The Horse Hospital. X-Ray Audio. I read about this in the Guardian in the morning and discovered that I was already too late to get tickets for the planned performance but I thought it would be worthwhile to drop by. When I got there they were setting up for the evening and trying out a couple of odd-looking discs – both from Ukraine. One was a 7” transparent red flexi with an illustration of a swan in a pond…the audio was a cheesy folk song…this one had to be taped onto the deck to stop it from slipping. The second was a postcard disc…it looked like it was of a painting of an old church in Kiev and the pirated audio was the Beach Boys ‘Good Vibrations’…

good v_edited-1

Here is a scan of the beer mat of one of the Soviet era records cut onto an x-ray plate:

x-ray001

www.x-rayaudio.squarespace.com

Drawing Room. Chromosome Damage Listening Session. This should have been really interesting. The artist of the current show, Daniel Guzmán, had selected a bunch of records that he listens to while he works in his studio in Mexico City to be played in the gallery. These were to be combined with some music from his own band, Pellejos. I liked the idea of listening to the music while looking at the drawings. For some reason only 3 people were present at the event and this took the edge off the whole thing. Still, I heard Jorge Reyes for the first time…

https://www.youtube.com/watch?v=mUfz1cXBMcg

White Cube, Bermondsey. David Toop at the Christain Marclay exhibition. The second gig in a series of performances in the gallery. This is a generous undertaking on both Marclay’s and the gallery’s part. Toop’s considered and exploratory sound making and his fragile delineation of a ‘stage’ drew the audience into an intense dialogue with the space and the music despite the austere surroundings of the White Cube white cube.

The audience

The audience

IMG_8071

David Toop in performance.

David Toop in performance.

Listening, Looking, Not Looking. (Evan Parker at Vortex, 22.i.15)

Improvisation transcription - fragment.  About 4 seconds. 58 x 102mm.

Improvisation transcription – fragment.
About 4 seconds. 58 x 102mm.

 

 

 

 

 

 

 

I have no idea what it is like to be a musician. I don’t know how they think, what decisions they make when they are playing. And particularly I don’t know how they interact with one another when they are playing. This sense of the distance between listening as a member of the audience and playing as a member of a group has occurred twice this week, on Tuesday at the PJ Harvey fish tank recording session and last night at the Vortex at one of Evan Parker’s regular Thursday night slots. Accompanied by Steve Noble on drums and Marcio Mattos on double bass this, from a listener’s point of hearing, was exemplary improvised trio playing. The two sets were beautifully balanced with each player responding to subtle inflections in the music while making their own distinctive sounds. It seemed that two players could stop at any moment and the third would carry on without taking breath, following the track upon which they had already set out. And when they all played it was as a unity. This notion of the individual within the group was emphasised by the body language of the performers. Parker remained fairly motionless, his eyes closed while he played. Noble hardly glanced up from the drum kit, his concentration at odds with the apparent ease of his playing. Mattos, in contrast, allowed his gaze to roam around the room or at least around middle distance, occasionally bowing his head over his instrument and closing his eyes. From time to time he raised his hand from the strings up to shoulder level and brought it back down in something like a theatrical flourish. But in all of this, and like his fellow performers, he made no eye contact, neither with the other musicians, nor with the audience.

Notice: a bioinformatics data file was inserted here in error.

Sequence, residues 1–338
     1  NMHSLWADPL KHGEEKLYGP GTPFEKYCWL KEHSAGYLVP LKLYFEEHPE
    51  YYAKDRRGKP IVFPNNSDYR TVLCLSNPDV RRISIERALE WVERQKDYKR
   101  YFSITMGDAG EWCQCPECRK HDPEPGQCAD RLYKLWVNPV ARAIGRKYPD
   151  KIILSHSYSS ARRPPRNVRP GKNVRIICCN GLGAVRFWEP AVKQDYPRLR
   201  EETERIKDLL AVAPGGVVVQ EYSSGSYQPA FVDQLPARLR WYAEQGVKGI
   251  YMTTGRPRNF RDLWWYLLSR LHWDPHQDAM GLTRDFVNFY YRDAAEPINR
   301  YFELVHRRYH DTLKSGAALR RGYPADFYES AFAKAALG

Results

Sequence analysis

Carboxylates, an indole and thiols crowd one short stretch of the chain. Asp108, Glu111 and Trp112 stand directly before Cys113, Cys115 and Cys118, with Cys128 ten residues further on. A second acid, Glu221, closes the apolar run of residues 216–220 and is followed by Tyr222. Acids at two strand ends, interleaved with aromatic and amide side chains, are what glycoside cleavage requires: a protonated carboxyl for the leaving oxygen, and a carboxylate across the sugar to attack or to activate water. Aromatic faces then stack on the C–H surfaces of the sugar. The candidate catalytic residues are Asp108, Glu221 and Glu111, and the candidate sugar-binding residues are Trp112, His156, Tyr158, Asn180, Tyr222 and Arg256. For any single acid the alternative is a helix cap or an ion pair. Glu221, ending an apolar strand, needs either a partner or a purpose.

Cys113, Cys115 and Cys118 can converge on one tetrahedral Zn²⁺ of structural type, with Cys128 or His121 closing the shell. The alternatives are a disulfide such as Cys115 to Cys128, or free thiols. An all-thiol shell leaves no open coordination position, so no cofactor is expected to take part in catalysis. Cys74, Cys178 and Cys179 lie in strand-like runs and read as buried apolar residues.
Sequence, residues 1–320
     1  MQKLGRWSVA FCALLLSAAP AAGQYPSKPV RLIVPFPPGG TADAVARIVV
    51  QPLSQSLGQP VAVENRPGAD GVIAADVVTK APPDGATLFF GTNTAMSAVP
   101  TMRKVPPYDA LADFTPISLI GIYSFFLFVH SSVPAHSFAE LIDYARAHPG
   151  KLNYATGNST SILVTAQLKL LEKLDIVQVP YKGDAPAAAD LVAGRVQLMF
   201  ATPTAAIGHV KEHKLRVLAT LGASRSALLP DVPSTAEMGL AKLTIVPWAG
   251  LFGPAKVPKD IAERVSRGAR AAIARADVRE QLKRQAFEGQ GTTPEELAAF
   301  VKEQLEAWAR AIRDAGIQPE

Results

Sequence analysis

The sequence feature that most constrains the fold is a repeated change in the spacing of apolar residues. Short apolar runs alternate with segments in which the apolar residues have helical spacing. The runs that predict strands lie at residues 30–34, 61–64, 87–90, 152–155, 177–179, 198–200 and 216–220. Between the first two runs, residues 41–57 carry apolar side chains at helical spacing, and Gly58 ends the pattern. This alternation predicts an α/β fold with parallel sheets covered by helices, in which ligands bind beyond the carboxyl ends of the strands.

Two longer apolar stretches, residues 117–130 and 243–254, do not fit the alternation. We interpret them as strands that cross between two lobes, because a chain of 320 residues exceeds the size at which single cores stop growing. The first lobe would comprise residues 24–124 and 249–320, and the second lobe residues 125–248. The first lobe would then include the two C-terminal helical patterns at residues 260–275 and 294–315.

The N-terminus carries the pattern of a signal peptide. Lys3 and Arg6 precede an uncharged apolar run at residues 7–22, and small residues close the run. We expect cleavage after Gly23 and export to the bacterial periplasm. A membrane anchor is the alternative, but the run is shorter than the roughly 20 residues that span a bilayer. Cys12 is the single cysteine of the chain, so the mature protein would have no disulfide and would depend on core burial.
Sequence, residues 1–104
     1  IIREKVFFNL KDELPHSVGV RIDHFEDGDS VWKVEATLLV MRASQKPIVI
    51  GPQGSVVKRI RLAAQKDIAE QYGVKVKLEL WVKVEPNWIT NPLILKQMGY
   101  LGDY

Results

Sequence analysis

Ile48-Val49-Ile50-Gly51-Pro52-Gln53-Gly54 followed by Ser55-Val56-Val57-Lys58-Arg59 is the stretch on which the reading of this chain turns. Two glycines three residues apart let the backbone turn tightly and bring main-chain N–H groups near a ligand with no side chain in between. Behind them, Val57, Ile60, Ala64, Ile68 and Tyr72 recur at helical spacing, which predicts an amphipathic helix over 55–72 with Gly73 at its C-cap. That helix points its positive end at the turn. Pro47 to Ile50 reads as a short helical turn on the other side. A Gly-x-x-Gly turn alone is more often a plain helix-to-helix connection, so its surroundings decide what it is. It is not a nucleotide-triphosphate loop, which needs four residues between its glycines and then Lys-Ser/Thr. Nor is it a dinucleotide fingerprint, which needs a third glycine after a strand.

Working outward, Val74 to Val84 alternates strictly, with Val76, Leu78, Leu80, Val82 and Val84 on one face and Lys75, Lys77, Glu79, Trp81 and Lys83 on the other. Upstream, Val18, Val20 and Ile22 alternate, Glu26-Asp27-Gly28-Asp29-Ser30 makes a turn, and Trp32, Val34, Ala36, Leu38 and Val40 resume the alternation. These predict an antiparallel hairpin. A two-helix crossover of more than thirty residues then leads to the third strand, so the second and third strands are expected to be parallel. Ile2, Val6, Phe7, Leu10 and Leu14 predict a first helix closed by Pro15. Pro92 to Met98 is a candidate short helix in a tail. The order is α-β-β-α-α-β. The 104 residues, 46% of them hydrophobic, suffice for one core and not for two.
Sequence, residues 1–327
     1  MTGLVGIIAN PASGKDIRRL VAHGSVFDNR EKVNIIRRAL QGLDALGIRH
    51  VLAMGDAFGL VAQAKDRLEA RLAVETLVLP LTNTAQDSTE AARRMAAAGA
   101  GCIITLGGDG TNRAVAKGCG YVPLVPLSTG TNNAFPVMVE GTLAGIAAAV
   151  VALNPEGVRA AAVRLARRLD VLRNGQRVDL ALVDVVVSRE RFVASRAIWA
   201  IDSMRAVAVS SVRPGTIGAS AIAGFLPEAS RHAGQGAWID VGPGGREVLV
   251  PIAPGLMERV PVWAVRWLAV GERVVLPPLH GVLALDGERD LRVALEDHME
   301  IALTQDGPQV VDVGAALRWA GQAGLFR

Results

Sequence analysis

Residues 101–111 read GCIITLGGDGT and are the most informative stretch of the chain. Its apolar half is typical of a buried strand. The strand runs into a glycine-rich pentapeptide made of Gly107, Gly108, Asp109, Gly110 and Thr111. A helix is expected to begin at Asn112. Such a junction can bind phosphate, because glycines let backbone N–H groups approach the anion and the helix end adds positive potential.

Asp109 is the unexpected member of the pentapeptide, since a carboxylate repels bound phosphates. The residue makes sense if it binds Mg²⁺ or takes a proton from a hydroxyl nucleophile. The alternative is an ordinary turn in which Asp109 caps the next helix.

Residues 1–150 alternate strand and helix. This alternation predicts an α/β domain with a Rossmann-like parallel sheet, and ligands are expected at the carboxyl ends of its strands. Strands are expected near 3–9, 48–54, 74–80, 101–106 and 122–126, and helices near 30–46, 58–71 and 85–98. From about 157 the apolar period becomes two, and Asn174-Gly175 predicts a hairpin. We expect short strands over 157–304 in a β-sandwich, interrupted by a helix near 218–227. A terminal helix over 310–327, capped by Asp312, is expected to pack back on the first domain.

So the closeness or proximity between performers and audience was brought about by listening. (At the end Parker thanked the audience for ‘listening so hard’). But, on the other hand, a distance or separation was brought about by looking. For me (but not, I suspect, for all the audience) this separation was compounded by my not knowing how the musicians interact…how they communicated. They were clearly doing another kind of listening which was not just a matter of degree (from ‘easy’ to ‘hard’ say) but was some parallel to how I was listening.

Does this performance listening separate the sounds being made by the others and allow (create?) a space into which the players insert sounds of their own? Or is it that individual players can anticipate a synthesis of sounds a few seconds into the future….the actual noise of the instruments always running slightly behind their knowledge? I noticed I slipped into saying ‘space’…is this why trying to work out what happens here is so difficult for me? Is improvisation between musicians not a spatial practice at all? When I experience this music it is very much within particular environments…both musician and sound are sited. The performance takes place within a room, a zone within the room, a stage. When I draw the performers, though sometimes no element of the room appears, they tend to be located…even if it is only a location defined by them and the spatial relationship to their instrument.

Maybe my listening practice, unlike that of the musicians, needs to be spatial as this takes the place of their intuitive experiential communications.

 

Evan Parker

Evan Parker